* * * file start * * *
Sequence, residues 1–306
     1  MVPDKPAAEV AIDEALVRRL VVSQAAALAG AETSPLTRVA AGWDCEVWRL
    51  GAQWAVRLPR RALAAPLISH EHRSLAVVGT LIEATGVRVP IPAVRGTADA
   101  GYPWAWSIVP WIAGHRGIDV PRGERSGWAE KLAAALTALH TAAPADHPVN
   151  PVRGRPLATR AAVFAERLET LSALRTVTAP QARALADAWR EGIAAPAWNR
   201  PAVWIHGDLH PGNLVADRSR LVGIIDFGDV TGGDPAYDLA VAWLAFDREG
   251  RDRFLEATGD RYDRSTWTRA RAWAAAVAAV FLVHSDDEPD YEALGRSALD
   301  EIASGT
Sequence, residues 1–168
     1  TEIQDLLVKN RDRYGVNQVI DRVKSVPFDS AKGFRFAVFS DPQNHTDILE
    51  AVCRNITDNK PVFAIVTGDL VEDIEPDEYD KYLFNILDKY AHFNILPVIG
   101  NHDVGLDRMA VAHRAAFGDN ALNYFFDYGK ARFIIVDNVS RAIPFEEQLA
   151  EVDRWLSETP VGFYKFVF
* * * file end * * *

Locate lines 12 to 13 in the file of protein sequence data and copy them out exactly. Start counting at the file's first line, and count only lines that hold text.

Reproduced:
   101  NHDVGLDRMA VAHRAAFGDN ALNYFFDYGK ARFIIVDNVS RAIPFEEQLA
   151  EVDRWLSETP VGFYKFVF